From the lush shores of the Indian River, you spot it: tall, red and bold against the blue horizon, it’s the lighthouse you’ve heard all about.
While it’s a beautiful sight, of course, the Ponce de Leon Inlet Light is equally renowned for its historical significance. Now, this spring, to celebrate 20 years on the National Register of Historic Places, we’re climbing through history—exploring the ins and outs of Florida’s tallest lighthouse. Take a look.
A tale of two lights
More than one lighthouse has called Ponce Inlet “home.” In fact, back when the waterway was still called Mosquito Inlet—the name officially changed in 1927—a less successful forerunner was put up there, in 1835. Located on the inlet’s south end, this light never really got a chance to get into its stride. Oil for its lamp never arrived, a storm weakened its foundation, and it was attacked during the Second Seminole War. Eventually, it collapsed altogether—but there was still need for a light to guide the way at this tricky marine junction. In 1887, the solution—the tall, red light we know and love today—was completed.
The man behind the Inlet
The Mosquito Inlet Light changed its name when the waterway did—to the now-familiar “Ponce de Leon Inlet Light.” But who was Juan Ponce de Leon…and how did he help shape our state, and our beautiful shoreline?
For starters, our state would not know the name “Florida” if not for Ponce de Leon, who arrived here and dubbed the land La Florida, or Land of Flowers, noting the region’s lush landscape. He was said to have believed Florida was actually an island, and that he was in search of immortality via the fabled Fountain of Youth.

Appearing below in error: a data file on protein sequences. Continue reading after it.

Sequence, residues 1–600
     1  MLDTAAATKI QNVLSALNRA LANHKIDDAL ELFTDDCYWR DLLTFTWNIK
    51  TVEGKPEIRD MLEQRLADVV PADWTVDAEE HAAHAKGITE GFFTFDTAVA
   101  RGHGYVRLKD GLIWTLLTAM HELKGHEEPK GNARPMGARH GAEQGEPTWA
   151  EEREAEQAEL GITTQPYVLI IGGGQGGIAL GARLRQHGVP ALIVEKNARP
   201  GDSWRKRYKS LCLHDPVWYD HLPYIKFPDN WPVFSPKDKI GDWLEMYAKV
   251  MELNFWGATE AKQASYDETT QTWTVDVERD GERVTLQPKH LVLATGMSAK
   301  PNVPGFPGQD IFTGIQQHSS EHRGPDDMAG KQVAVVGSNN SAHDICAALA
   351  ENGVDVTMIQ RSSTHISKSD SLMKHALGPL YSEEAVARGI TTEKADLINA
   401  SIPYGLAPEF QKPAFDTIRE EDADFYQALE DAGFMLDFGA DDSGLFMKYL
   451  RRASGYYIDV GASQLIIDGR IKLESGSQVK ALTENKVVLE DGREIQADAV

While the location of that legendary fountain proved, of course, to be elusive, the land itself did not; Ponce de Leon is believed to have landed somewhere on the state’s Atlantic coast. Some point to the St. Augustine area… others to the shores of what we now know as, fittingly, Ponce de Leon Inlet.
Exploring the Light today
When you’re not admiring the Light from land or water, you can actually climb it! At 175 feet high, it’s the state’s tallest light, a towering testament to our maritime history. You can even take the “Climb to the Moon” during full moons, a one-of-a-kind experience to enjoy every month. You can also explore the keepers’ dwellings, oil house and more during your visit.
Looking to experience the Ponce de Leon Inlet Light, and other Florida icons, like you never have before? See them up close and personal from a cruise with The Manatee! Call us today to learn more.